Bumblebee gobies make your tank attractive and sparkling, but you want to give them some mates. So what should you choose?
Not all fish can live peacefully with the gobies. But if you like your aquarium’s exciting atmosphere, we will recommend some bumblebee goby tank mates.
Let’s check to find out the best addition to the tank!
- 1 Best Bumblebee Goby Tank Mates
- 2 Which Fish Shouldn’t Live With Bumblebee Gobies?
- 3 Are Bumblebee Gobies Aggressive?
- 4 Frequently Asked Questions
- 5 Conclusion
Best Bumblebee Goby Tank Mates
Bumblebee gobies get along well with other bumblebee gobies. This species may also coexist peacefully with fish of a similar size and personality that thrive in brackish water.
As a schooling species, bumblebee gobies prefer to be around other fish of the same variety.
You should always have at least six of them if you plan to keep them in the same tank. Any less than six members in a group will make them aggressive.
For instance, in a group of three fish, you might notice two fish working together to attack the weaker one.
When there are six or more bumblebee gobies, their aggression will spread out equally, and none of them become the only target.
Bumblebee gobies are the best tank mates for themselves
Since endlers have the same size as bumblebee gobies and are calm, a school of three to four of them can get along well with your gobies.
Endlers will avoid bottom-feeding gobies because they are energetic and tend to move in groups around the middle section of the aquarium.
Additionally, endlers are resilient. They can adapt to the tank conditions required by bumblebee gobies.
If the aquarium is big enough, you can keep three to four guppies along with six bumblebee gobies.
Guppies swim actively in the upper section of the aquarium. Meanwhile, bumblebee gobies prefer swimming at the bottom because they are bottom feeders. Hence, these fish rarely interact with each other.
Mollies and bumblebee gobies are similar in size and behavior. As a result, you can keep them together.
A group of six bumblebee guppies can live alongside three or more mollies, but make sure that the tank isn’t too busy.
Mollies are typically calm in a communal tank setting and like brackish conditions. Please note their habits to give your pets the best environment.
Monos can thrive in brackish. With proper conditions, they can grow up to 11 inches long. Hence, although they can live with your bumblebee gobies, ensure that the aquarium is extra-large.
Monos are peaceful. However, they may become violent with their buddies if you only keep five or fewer of them in the tank.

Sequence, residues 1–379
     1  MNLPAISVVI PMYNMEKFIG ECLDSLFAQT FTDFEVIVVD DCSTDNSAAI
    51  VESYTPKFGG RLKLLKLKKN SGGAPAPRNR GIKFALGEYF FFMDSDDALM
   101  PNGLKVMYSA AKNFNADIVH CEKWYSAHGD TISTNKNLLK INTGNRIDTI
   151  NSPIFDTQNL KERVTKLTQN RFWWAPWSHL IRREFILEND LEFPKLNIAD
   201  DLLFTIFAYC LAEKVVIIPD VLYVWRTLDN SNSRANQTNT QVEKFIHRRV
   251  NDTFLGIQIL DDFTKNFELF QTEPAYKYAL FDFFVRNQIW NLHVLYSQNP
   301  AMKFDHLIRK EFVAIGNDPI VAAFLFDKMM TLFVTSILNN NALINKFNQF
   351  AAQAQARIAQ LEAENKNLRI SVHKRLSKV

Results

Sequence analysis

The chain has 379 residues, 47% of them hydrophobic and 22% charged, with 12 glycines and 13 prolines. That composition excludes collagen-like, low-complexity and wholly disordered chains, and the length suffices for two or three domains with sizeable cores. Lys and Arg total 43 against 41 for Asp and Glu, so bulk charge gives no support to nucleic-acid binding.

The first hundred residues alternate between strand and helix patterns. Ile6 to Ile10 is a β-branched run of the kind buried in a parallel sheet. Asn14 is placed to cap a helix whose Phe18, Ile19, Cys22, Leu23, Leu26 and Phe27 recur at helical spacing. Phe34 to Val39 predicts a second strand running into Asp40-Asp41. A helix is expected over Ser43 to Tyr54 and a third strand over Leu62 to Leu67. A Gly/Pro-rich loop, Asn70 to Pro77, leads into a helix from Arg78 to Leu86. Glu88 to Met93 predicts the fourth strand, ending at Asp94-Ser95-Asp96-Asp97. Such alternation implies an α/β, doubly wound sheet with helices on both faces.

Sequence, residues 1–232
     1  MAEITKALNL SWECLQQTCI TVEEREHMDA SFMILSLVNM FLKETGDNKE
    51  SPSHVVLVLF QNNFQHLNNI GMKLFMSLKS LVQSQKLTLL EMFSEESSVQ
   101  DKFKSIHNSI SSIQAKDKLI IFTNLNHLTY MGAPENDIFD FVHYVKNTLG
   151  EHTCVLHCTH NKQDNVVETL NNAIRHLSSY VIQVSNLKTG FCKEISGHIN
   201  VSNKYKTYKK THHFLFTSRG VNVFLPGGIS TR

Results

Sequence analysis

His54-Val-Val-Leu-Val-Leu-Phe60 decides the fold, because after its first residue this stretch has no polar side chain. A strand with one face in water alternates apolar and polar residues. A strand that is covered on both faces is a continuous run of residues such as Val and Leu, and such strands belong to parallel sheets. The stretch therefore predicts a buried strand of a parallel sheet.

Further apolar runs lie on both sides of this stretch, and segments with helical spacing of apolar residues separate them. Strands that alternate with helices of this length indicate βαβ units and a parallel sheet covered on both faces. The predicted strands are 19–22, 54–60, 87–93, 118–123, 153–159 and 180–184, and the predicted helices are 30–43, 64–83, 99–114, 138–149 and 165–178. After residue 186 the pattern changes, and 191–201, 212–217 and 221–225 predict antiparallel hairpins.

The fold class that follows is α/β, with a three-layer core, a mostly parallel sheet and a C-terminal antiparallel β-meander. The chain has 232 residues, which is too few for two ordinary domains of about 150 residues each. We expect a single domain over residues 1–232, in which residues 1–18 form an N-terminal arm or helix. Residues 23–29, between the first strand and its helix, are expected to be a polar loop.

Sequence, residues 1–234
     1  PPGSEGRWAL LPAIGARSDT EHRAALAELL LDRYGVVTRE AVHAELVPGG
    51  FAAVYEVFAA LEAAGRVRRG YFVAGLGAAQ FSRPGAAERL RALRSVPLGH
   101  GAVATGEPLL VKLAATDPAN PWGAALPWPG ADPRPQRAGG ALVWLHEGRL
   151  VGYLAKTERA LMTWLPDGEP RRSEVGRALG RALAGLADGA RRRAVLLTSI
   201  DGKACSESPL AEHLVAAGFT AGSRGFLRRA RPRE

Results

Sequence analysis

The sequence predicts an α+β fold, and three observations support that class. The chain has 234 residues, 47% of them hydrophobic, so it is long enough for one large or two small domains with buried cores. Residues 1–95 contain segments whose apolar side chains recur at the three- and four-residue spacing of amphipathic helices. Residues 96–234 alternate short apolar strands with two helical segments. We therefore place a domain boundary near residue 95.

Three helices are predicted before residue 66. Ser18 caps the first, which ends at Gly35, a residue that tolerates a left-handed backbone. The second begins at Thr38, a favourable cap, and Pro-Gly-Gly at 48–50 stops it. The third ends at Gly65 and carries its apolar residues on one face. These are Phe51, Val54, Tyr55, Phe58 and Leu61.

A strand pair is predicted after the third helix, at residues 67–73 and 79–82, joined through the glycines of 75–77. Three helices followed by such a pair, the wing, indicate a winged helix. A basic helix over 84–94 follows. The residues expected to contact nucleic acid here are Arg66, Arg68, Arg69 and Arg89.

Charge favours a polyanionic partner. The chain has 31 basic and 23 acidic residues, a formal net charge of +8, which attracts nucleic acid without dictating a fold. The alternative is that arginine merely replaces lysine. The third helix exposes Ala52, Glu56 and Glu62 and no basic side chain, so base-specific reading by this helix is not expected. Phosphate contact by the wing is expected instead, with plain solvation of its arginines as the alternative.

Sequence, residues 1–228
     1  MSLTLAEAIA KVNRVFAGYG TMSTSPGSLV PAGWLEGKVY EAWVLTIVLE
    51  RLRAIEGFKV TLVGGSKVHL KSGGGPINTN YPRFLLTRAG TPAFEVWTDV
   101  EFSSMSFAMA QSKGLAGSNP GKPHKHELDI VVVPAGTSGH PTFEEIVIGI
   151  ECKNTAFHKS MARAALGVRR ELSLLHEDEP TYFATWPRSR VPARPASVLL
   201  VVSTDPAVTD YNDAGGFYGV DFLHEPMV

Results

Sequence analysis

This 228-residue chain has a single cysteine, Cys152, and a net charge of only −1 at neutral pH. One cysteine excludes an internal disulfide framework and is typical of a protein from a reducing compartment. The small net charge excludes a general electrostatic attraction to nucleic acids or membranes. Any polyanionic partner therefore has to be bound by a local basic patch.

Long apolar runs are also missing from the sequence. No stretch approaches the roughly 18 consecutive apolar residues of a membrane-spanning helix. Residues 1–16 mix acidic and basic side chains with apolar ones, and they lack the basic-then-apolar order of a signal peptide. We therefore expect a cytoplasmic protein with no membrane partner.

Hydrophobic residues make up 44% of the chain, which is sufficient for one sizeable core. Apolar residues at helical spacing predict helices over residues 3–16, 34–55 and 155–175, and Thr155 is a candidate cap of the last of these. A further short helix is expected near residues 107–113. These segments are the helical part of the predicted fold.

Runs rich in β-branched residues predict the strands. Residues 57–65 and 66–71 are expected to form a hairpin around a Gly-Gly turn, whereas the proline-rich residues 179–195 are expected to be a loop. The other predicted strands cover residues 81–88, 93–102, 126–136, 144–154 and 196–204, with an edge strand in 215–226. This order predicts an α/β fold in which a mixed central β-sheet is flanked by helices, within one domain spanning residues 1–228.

Make sure your tank is big enough
You can keep your gobies with shrimp as long as the shrimp are big enough. As carnivorous, bumblebee gobies may eat their mates if the shrimps are too small.
Shrimp comes in different sizes depending on the species. Cherry shrimp are not compatible with bumblebee gobies because they only reach a length of one inch. Meanwhile, Amano shrimp, which can grow bigger than two inches, is a better idea.
If the snails are bigger than one inch, they can live peacefully with your bumblebee gobies. For example, devil snails are good mates due to their average size of two to three inches.
Which Fish Shouldn’t Live With Bumblebee Gobies?
When searching for your pet’s tank mates, avoid these species:
Bumblebee gobies are carnivores. They will eat their tank mates if you keep them with small species, like tiny snails, shrimp, and fish.
Bumble gobies also prefer staying near the bottom. Because they are fighting for food and habitat, putting them in a tank too small or with other bottom feeders may make them more aggressive.
Larger, aggressive fish may bully your pets. For example, archers can grow up to 12 inches and are carnivorous. They will hunt smaller fish in the tank, and your bumblebee gobies may become their targets.
Bigger fish are not a good choice
Are Bumblebee Gobies Aggressive?
Bumblebee gobies have a calm attitude. In a community aquarium setting, they tend to be timid and tend to conceal themselves rather than act violently.
Again, when raised alone or in small groups, bumblebee gobies can become aggressive. If the aquarium is too small, they could also develop territorial behavior and attack other bottom-dwellers.
The setting of the aquarium also impacts how aggressive bumblebee gobies behave.
They might become angry toward the fish they believe are intruding on their habitat or stealing their food if housed in an aquarium with no hiding places.
Moreover, a tank might get stressed if the temperature, pH level, or salinity are off, the oxygen level is too low, or the filtration is inadequate. In these cases, your pets may get aggressive.
Frequently Asked Questions
1. How many gobies should I get?
It would be best to keep six bumblebee gobies in the same tank. If you have fewer, they will become aggressive.
2. What tank conditions can keep my bumblebee gobies peaceful?
Your pets will thrive if you provide them with the optimal conditions as follows:
- Tank size: At least 10 gallons
- Tank mates: Bumblebee gobies or other small, calm species
- Tank setup: Brackish water with hiding spots and sand
- pH level: 7.0-8.5
- Water temperature: 72-84°F
- Diet: Carnivorous
If you want to raise this species, learn more caring tips right here:
3. Will gobies eat other fish?
Yes. Gobies are carnivores, and they will eat species that are smaller than them.
4. Do fish eat gobies?
Yes. Your pets will become their meals if you keep your gobies with bigger, predatory fish.
5. How big do goby fish get?
These fish often grow three to six inches in length. Sometimes they can reach the size of ten inches.
Bumblebee gobies are carnivores. Hence, choose tank mates with the same size and behaviors as theirs. Otherwise, your pets will become hunters or victims.
After considering our tips, feel free to opt for the new species in your tank. If you have any questions, don’t be shy to ask.
Thank you for reading!